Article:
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Buyers paid more than the asking price in about 24% of U.S. home sales in 2017, netting sellers an average $7,000 more over their initial asking prices, according to Zillow.

The share of homes sold over the asking price has grown considerably since the start of the housing recovery in 2012 and increased in each of the past three years. Back then, 17.8%, or roughly one in six, homes sold over the seller's original asking price.

A combination of factors contributed to sellers' windfalls, including limited supply and high demand, demographic shifts, a strong economy and favorable financing conditions, Zillow's research team said in its report. Tight inventory of homes for sale, especially at the entry level, hasn't dampened demand from buyers, particularly younger, first-time buyers that are growing up and looking to transition away from renting as they move up the career ladder and start families, the Zillow report adds.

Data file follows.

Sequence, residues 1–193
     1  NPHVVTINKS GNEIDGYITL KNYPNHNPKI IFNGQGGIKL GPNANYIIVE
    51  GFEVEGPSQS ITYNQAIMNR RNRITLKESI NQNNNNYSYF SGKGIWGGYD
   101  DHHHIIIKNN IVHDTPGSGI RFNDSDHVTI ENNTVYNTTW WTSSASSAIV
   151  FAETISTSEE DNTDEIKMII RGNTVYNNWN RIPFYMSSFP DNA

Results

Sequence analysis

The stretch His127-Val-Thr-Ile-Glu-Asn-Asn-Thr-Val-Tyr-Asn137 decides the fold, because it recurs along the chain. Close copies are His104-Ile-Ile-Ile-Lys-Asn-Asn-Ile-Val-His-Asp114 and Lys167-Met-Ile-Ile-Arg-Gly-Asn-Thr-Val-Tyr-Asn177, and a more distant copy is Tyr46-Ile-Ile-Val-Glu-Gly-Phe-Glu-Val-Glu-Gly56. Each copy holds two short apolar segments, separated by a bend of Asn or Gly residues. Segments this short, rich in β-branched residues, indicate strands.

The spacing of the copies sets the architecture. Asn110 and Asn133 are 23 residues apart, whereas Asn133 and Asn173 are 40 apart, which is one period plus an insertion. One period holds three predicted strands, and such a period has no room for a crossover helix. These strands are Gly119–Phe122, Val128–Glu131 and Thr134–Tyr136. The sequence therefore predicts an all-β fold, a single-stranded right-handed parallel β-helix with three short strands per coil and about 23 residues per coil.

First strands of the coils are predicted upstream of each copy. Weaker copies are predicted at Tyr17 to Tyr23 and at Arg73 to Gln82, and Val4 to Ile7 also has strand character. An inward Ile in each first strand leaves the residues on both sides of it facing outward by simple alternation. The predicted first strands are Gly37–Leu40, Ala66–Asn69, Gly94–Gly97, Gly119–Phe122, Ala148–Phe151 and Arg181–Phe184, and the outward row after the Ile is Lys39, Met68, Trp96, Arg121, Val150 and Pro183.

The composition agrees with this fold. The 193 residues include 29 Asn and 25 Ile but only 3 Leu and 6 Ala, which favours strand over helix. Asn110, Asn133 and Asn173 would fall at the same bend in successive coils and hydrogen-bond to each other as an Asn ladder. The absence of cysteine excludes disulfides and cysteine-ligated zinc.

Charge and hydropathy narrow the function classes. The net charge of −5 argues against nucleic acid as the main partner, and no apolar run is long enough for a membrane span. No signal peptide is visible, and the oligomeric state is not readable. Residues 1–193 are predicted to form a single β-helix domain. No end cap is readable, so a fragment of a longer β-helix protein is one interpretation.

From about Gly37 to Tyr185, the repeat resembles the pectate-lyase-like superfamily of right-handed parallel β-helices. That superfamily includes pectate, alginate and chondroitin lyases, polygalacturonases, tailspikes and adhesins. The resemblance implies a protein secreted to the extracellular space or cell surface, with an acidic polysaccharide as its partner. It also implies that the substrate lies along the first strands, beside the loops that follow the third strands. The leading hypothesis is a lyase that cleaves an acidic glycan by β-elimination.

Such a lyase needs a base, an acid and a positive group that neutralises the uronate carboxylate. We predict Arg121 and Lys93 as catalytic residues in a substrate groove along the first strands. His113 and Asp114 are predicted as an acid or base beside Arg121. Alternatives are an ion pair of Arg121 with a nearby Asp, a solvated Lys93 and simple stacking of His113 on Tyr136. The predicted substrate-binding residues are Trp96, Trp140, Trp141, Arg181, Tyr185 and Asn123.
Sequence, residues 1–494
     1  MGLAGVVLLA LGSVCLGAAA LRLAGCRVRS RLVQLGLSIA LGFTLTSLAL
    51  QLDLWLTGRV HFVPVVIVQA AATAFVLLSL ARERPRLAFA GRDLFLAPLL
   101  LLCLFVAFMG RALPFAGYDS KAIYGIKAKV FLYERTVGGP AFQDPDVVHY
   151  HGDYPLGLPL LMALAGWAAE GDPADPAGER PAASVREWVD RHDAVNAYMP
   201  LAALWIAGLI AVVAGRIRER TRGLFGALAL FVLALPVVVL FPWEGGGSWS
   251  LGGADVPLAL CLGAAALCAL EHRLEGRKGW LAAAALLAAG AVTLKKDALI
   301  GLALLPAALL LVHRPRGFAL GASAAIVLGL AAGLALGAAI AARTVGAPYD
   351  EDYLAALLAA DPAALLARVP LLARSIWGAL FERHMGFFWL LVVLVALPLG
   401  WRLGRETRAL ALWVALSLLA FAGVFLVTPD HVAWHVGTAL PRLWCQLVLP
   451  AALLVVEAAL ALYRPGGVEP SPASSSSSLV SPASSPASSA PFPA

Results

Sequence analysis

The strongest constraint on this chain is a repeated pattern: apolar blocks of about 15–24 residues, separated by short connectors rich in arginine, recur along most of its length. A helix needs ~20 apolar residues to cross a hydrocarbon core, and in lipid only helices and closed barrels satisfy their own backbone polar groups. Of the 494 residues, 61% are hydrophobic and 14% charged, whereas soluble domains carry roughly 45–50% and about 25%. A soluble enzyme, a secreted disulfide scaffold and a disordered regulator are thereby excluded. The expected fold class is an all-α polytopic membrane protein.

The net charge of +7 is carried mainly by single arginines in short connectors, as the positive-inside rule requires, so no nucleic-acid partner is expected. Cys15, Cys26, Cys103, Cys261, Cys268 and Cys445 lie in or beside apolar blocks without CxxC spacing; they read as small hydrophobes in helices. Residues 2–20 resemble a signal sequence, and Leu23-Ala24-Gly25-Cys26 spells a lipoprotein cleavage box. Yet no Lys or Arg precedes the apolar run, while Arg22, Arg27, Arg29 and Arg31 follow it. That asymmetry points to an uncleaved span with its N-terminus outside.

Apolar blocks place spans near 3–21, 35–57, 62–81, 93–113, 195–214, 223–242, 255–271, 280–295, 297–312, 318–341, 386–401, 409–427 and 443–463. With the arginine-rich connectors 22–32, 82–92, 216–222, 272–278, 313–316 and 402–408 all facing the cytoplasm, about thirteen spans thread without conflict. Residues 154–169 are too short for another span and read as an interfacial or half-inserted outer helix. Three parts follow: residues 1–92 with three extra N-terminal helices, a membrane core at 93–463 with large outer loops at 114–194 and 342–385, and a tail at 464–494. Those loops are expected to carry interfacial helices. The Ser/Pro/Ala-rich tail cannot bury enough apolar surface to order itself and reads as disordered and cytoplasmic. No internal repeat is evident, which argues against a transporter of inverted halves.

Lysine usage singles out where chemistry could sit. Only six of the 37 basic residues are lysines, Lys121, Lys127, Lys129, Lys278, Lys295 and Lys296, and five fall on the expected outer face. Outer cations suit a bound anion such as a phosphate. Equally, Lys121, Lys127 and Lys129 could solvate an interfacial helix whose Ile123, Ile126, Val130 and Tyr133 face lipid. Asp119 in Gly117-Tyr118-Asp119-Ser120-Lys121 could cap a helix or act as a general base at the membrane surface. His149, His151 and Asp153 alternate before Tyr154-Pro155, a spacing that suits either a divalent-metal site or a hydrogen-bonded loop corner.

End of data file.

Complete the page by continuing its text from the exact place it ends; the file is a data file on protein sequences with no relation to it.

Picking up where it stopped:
What's more, researchers said, low mortgage rates have buoyed buyers' budgets, raising the limits on what they can afford and may be willing to pay.

In a number of markets, such as in San Jose, San Francisco and Salt Lake City, it was more common for homes to close at their asking price, with 68.5%, 64.5% and 55.4% of homeowners, respectively, selling their homes for above the original listing price.

The typical home that sold above asking price in San Jose netted sellers an additional $62,000 on average, the largest difference between list and sale price of 100 analyzed metropolitan areas, according to Zillow.

Here's a look at the top 10 cities where homes sold above asking price, ranked by the share of home sales that sold above asking price in 2017.